Petitioner did not testify, and his only witness was David Biscigo, an employee of the Michigan State Police Crime Lab. Biscigo testified that a man can ejaculate seminal fluid even if he does not have a full erection and that seminal fluid on the complainant's underwear could have drained from the complainant's vagina or come from pre-ejaculate or ejaculate. Biscigo also testified that bodily fluid could have been deposited on the complainant regardless of whether penetration occurred and that, if fluid was deposited near her genital area, the fluid could have transferred from the genital area to her underpants. Defense counsel argued to the jury that the complainant was not credible, that there was no force or coercion, that the complainant consented to the sexual activity and was mentally capable of consenting, and that there was no sexual penetration.

         On May 20, 2008, the jury found Petitioner guilty, as charged, of one count of first-degree criminal sexual conduct, Mich. Comp. Laws § 750.520b(1), and two counts of second degree criminal sexual conduct, Mich. Comp. Laws § 750.520(c)(1). The trial court sentenced Petitioner as a habitual offender to imprisonment for fifteen to twenty-three years for the first-degree conviction and to a concurrent term of five to fifteen years in prison for the second-degree convictions.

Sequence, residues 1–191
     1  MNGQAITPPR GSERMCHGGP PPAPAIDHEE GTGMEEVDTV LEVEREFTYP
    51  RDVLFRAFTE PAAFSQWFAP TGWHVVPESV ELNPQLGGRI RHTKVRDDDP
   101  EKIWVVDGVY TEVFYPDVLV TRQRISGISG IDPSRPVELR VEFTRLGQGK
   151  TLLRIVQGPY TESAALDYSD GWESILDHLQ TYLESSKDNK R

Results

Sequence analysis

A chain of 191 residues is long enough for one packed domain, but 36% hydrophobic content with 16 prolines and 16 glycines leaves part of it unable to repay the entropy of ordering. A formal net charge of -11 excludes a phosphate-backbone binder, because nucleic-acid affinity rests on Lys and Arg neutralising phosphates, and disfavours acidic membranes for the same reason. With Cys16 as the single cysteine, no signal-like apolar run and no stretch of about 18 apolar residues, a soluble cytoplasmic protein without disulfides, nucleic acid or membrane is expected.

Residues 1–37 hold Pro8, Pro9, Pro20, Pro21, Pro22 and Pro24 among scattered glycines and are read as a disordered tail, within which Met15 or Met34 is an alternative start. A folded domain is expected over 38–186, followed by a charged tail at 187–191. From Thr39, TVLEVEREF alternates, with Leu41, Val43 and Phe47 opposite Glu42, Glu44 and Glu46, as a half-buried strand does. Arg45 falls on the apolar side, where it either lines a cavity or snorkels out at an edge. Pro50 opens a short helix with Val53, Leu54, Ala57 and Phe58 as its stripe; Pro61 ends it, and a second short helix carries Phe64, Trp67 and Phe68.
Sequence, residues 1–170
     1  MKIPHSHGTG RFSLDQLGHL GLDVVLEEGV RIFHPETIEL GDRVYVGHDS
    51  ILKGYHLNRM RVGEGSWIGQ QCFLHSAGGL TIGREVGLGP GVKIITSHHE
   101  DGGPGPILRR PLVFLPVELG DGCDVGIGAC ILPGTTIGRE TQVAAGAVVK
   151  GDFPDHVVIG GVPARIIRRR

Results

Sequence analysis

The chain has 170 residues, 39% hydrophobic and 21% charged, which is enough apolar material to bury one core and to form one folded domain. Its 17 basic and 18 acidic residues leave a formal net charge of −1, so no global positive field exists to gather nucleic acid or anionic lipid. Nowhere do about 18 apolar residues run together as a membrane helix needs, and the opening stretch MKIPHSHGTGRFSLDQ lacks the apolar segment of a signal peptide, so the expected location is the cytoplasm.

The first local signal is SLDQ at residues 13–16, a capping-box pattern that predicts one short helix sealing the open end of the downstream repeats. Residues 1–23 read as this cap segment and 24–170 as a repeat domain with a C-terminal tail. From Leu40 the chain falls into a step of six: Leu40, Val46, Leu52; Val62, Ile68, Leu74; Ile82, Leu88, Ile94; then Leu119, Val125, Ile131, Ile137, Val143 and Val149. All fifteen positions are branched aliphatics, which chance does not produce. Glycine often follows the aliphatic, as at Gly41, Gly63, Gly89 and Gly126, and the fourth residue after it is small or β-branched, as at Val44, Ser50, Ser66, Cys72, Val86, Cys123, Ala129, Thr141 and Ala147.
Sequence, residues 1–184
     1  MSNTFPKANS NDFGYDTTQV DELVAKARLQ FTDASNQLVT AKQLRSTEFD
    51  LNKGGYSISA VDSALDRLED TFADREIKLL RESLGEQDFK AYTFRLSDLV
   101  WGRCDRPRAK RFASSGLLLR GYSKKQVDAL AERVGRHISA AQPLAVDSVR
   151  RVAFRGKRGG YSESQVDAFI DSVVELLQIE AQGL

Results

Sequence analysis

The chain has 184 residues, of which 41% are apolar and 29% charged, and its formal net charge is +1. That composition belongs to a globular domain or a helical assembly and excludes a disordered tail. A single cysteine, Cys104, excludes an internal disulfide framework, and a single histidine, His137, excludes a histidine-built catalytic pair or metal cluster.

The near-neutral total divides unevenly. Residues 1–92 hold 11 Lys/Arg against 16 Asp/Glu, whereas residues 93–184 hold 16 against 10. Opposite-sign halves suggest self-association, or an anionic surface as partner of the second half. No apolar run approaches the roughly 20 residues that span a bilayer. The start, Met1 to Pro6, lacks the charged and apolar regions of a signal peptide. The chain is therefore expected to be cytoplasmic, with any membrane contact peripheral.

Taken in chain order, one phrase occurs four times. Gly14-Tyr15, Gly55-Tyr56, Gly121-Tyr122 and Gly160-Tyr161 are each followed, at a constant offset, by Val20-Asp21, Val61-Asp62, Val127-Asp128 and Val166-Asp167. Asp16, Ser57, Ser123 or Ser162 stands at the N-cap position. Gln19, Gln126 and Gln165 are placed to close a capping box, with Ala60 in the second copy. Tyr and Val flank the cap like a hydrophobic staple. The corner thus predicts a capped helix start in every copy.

In an appeal of right, Petitioner argued that (1) the evidence at trial was insufficient to prove penetration of the complainant's genital opening and (2) the trial court erred by denying his motion to correct the sentence for errors in the scoring of the sentencing guidelines. The Michigan Court of Appeals found no merit in Petitioner's claims and affirmed his convictions and sentence in an unpublished, per curiam opinion. See Comtois, 2009 WL 5150061. Petitioner raised the same two issues and one new issue about appellate counsel in an application for leave to appeal in the Michigan Supreme Court. On May 25, 2010, the Michigan Supreme Court denied leave to appeal because it was not persuaded to review the issues. See People v. Comtois, 486 Mich. 930 (2010).

         Petitioner subsequently filed a motion for relief from judgment in which he raised issues about the sufficiency of the evidence, the alleged use of perjury, the delay in trying him, the prosecutor's conduct, the scoring of the sentencing guidelines, and his trial and appellate attorneys' assistance. The trial court found it unnecessary to decide Petitioner's claim about the sentencing guidelines because the Michigan Court of Appeals rejected that issue on direct appeal. As for the remaining issues, the trial court stated that Petitioner had not shown “good cause” for failing to raise the issues on appeal and “actual prejudice” from the alleged irregularities. The court denied Petitioner's motion pursuant to Michigan Court Rule 6.508(D). See People v. Comtois, No. 05-10619-FC (Bay Cty. Cir. Ct. Mar. 15, 2013). Petitioner appealed the trial court's decision, but both the Michigan Court of Appeals and the Michigan Supreme Court denied leave to appeal for failure to establish entitlement to relief under Michigan Court Rule 6.508(D). See People v. Comtois, No. 317621 (Mich. Ct. App. Dec. 27, 2013) (unpublished); People v. Comtois, 496 Mich. 859 (2014) (table).